According to AdAge, many brands are pausing Pride campaigns as joining conversations and demonstrations around racial justice take priority. By AdAge’s count, Verizon, Jack Daniel’s Tennessee Fire, PepsiCo’s Bubly, Boston Beer Co.’s Truly hard seltzer, and GLAAD’s Ally, Skittles, Tinder, and WEE initiative are on hold until it feels appropriate to resume. 

Source: WSJ/NBC News

A new Wall Street Journal and NBC News poll made headlines this weekend, showing that 80% of respondents feel the country is “spiraling out of control.” Between the global pandemic, historic job losses, the road to economic recovery, and now, policy changes through public discourse and civil unrest, we are witnessing history unfold as we stand on the edge of significant change on more fronts than ever before. 

In related news, Reddit co-founder Alexis Ohanian resigned his board seat and pledged his future gains to serve the Black community, urging Reddit to fill his board vacancy with a Black candidate. The NFL first issued a statement, then an apology from NFL commissioner Roger Goodell saying the NFL was ‘wrong’ to not listen to players and will now support players’ civil rights protests

Las Vegas casinos reopened this weekend as businesses and cities across the country hum back to life. New York begins its phased reopening today, and while some harder-hit areas work to keep their numbers down, other states see coronavirus cases climb. From The Wall Street Journal, “California, Utah, Arizona, North Carolina, Florida, Arkansas, and Texas, among others, have all logged rises in confirmed cases, according to a Johns Hopkins tabulation of a five-day moving average.” Across countries, protests have complicated coronavirus containment as cities try to expand testing and contact tracing while managing crises surrounding social unrest. The World Health Organization now recommends wearing masks in public. In South America, Brazil has stopped publishing its case count and death toll as protests erupt in the country over the government’s handling of the pandemic

On Friday, it was reported that employers added 2.5M jobs in May, a small sign of economic recovery. This week’s Federal Reserve meetings and Thursday’s jobless claims report will provide more insight into the likely shape of economic recovery in the US. An anticipated second decline in three weeks would suggest that “rehires are starting to outpace layoffs.” In the sports world, the NBA is set to return July 31st with just 22 teams playing, and the PGA Tour is scheduled to pick back up later this week. Friday’s University of Michigan’s index of consumer sentiment for the opening weeks of June “will capture a slow reopening of the economy but also rising social unrest as Americans protested the killing of George Floyd.”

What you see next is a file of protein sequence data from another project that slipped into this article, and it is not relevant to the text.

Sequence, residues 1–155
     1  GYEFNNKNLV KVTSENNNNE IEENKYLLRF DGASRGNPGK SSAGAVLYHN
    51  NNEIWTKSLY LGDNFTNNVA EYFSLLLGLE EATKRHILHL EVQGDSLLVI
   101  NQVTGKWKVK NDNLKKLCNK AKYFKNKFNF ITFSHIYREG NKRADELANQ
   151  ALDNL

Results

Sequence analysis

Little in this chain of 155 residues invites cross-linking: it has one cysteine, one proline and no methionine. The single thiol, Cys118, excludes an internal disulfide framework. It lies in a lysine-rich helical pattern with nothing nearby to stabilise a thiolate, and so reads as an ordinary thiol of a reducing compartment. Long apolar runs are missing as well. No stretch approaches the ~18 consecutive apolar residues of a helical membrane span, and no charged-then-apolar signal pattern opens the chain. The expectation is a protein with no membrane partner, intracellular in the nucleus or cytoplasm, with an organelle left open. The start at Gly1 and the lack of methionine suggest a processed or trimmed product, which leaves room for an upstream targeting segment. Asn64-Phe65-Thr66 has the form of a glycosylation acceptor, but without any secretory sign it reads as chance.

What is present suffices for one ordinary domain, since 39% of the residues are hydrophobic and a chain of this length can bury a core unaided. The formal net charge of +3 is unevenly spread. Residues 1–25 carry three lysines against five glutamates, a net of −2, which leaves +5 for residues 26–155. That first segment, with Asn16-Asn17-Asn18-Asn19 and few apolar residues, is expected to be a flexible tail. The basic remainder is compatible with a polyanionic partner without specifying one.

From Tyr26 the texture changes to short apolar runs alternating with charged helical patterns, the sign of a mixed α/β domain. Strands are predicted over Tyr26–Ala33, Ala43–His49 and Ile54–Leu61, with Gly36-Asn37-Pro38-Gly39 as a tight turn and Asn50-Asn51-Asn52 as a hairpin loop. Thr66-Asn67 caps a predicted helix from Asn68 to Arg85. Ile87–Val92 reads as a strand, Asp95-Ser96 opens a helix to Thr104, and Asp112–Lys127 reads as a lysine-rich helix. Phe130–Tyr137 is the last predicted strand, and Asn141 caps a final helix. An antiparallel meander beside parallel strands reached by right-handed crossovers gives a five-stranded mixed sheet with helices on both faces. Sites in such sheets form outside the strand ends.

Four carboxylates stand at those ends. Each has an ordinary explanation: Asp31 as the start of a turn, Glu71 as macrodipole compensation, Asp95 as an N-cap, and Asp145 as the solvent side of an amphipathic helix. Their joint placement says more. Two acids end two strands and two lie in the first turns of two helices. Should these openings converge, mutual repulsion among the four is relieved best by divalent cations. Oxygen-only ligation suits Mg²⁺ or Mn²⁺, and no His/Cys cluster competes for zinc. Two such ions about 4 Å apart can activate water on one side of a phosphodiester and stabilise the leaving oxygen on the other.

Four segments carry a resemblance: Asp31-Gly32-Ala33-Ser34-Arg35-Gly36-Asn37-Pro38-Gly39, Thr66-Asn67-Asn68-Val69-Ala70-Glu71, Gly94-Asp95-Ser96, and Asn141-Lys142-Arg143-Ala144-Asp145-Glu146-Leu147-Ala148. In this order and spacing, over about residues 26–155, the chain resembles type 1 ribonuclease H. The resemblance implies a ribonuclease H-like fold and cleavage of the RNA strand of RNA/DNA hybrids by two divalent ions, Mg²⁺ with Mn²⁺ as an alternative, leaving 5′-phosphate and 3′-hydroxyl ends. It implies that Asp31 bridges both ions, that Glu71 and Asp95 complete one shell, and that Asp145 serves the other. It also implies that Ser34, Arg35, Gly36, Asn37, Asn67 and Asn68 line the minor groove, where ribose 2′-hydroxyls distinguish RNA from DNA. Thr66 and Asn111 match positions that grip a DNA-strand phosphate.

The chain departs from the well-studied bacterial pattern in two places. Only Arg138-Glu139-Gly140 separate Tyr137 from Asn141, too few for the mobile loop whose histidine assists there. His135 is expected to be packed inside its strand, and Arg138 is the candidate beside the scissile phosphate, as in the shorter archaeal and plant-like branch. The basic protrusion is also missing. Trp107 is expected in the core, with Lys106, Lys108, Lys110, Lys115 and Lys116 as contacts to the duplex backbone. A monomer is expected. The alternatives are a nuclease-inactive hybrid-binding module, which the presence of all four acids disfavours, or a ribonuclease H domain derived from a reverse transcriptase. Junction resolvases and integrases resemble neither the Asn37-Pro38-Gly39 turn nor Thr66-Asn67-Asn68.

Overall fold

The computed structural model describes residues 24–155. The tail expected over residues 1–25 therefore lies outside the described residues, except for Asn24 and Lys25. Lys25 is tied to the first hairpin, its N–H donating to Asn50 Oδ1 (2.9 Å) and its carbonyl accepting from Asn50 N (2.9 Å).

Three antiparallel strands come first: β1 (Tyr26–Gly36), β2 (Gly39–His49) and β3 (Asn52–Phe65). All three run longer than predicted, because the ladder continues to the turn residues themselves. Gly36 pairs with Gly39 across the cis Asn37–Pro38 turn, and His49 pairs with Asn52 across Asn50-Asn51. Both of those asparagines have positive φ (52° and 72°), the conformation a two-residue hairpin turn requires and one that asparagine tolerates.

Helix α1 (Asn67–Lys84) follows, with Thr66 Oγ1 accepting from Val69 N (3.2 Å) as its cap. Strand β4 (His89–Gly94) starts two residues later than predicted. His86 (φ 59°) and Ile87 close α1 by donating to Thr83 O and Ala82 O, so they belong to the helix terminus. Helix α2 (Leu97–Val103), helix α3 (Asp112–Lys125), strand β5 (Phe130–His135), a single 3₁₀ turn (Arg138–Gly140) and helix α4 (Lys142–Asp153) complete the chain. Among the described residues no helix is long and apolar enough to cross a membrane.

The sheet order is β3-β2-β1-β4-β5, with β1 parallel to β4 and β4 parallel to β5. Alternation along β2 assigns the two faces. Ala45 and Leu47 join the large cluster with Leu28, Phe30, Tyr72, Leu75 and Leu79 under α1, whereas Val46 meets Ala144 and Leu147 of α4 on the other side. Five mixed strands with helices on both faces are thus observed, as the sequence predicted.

The events of the past few months have allowed us time to reflect and reset, adjust priorities, and focus on what truly matters. And nowhere is this active self-review more prevalent than in media and tech. 

After a tumultuous few days, Mark Zuckerberg released a statement on Friday saying, “Facebook would review its policy around speech promoting state violence,” a move that comes after internal and external protests over his decision to take no action on President Trump’s posts about looters. Zuckerberg “has been steadfast in his defense of Facebook’s stance on Trump’s posts, erring on the side of free speech even as Twitter placed warnings on similar tweets and Snapchat announced it would no longer promote the president’s content.” 

For those who aren’t keeping track, here’s what you might have missed:

  • 5/29 — President Trump posts inflammatory comments on social media. Twitter places a warning on the tweet, and Zuckerberg admits he had a ‘visceral negative reaction’ but that the post is permitted to stay on Facebook.

  • 6/1 — Facebook employees hold a virtual walkout against Facebook’s handling of President Trump’s posts.

  • 6/2 — A Facebook engineer publicly resigns in protest, Zuckerberg defends the company’s decision in an internal meeting. A prominent Silicon Vally VC urges the public and advertisers to boycott Facebook. 

  • 6/4 — Snapchat announces it will no longer promote President Trump’s content in the Discover section. Not directly related to this crisis, but Facebook announced it would label state-controlled media on the platform ahead of election season

  • 6/5 — In leaked audio, LinkedIn executives said the platform would “restrict Trump” if he used the platform to incite violence or spread misinformation. Zuckerberg promises Facebook will re-examine its rules on posts related to state violence.